Insurer Who Pays Proceeds to Mortgagee after Full-Debt Bid Liable for Conversion

In Howard v American Surety Ins. Co., an unpublished Michigan Court of Appeals case, residential property caught fire.  The insurance company issued checks for the claim with both the mortgagor and the mortgagee named on the check.  The mortgagors never endorsed the check.

The mortgagors defaulted on the underlying mortgage and the mortgagee foreclosed, submitting a bid for the full amount of the debt.  After the redemption period expired, the mortgagee prevailed on the insurance company to stop payment on the initial checks and issue new checks in the name of the mortgagee only.  The mortgagors sued both the mortgagee and the insurance company for common-law and statutory conversion.  The trial court found both liable on both counts.

The insurance company appealed, arguing that it had not committed conversion.  The Court of Appeals affirmed the finding of common-law conversion, but reversed the finding of statutory conversion, holding that there was no evidence that the insurance company converted the insurance proceeds to its own use (a required element of statutory conversion).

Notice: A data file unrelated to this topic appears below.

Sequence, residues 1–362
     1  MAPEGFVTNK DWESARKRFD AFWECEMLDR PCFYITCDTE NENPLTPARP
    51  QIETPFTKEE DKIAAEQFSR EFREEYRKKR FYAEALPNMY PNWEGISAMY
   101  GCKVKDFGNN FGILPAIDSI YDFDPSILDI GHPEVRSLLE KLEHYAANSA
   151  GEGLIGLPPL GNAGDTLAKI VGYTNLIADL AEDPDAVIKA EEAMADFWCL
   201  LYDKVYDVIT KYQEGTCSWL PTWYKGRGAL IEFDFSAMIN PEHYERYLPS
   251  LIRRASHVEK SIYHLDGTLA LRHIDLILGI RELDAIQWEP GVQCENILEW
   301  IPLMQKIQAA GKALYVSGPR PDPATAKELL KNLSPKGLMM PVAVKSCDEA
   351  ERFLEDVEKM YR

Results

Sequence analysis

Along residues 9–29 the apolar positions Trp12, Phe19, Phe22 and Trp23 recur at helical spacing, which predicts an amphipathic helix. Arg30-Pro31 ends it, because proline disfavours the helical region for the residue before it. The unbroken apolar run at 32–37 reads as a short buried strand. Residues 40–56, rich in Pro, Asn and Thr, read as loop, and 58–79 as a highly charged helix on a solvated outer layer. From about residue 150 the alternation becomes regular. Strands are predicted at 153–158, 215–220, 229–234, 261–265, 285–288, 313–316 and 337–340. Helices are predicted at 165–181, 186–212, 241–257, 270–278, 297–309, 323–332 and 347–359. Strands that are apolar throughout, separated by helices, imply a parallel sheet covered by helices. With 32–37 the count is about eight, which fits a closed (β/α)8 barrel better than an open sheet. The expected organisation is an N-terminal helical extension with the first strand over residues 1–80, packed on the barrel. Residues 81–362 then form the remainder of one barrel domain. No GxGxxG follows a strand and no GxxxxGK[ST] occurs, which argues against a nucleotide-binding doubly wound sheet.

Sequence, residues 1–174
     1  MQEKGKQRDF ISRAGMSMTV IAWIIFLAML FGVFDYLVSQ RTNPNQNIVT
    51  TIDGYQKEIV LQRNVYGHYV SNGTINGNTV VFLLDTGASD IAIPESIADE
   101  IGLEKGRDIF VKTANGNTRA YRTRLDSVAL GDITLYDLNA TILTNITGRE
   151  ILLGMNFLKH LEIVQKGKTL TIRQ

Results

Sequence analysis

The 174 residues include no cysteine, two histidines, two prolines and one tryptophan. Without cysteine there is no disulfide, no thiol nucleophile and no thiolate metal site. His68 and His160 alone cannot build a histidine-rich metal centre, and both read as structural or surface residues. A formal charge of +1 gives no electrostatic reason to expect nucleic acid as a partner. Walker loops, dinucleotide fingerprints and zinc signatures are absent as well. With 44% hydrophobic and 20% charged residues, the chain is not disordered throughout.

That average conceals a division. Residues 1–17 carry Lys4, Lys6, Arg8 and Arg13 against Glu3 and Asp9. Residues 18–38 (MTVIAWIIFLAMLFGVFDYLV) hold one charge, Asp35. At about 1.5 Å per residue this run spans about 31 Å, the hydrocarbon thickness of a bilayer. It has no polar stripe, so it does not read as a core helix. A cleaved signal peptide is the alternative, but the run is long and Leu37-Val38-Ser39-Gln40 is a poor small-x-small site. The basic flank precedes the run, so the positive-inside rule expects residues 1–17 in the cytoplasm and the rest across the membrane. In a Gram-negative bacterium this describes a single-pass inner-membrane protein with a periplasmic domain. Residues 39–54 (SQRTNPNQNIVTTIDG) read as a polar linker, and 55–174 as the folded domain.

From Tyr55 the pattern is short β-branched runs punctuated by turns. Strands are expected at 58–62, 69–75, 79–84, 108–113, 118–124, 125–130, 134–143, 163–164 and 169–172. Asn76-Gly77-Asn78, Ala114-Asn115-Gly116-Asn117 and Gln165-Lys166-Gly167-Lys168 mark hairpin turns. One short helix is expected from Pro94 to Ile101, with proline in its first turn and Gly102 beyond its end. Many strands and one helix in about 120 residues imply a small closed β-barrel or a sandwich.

Once a mortgage company issues a full-debt bid at a foreclosure sale, the debt is deemed satisfied and the mortgage company was no longer entitled to receive the insurance proceeds.  By prevailing upon the insurance company to reissue checks without the mortgagor’s name, the mortgagee and the insurance company converted the mortgagor’s property (the insurance proceeds) to their own use.

This author wrote an article many years ago about the hazards of a lienholder bidding on property which has had a casualty before payment of the insurance proceeds.  A full-debt bid extinguishes the underlying debt, and by extension any right to insurance proceeds for a pre-foreclosure loss.

© Steve Sowell 2017